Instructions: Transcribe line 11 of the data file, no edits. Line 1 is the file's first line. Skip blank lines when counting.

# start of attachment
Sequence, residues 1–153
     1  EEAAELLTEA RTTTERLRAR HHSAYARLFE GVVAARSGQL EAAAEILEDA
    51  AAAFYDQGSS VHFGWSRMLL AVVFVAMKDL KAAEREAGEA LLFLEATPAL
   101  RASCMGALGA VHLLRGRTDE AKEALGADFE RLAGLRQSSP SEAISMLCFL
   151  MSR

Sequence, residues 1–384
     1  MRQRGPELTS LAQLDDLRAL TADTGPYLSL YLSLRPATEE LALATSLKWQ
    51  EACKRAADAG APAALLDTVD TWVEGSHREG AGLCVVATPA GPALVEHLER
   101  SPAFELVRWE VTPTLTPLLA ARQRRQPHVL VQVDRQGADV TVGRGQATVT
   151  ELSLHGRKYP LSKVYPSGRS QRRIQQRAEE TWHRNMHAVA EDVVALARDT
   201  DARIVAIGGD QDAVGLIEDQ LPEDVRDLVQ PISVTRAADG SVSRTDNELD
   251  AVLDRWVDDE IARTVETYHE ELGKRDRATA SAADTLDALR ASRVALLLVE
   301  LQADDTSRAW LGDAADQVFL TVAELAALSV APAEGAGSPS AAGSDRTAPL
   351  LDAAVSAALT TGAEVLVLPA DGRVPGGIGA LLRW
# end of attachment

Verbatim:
   201  DARIVAIGGD QDAVGLIEDQ LPEDVRDLVQ PISVTRAADG SVSRTDNELD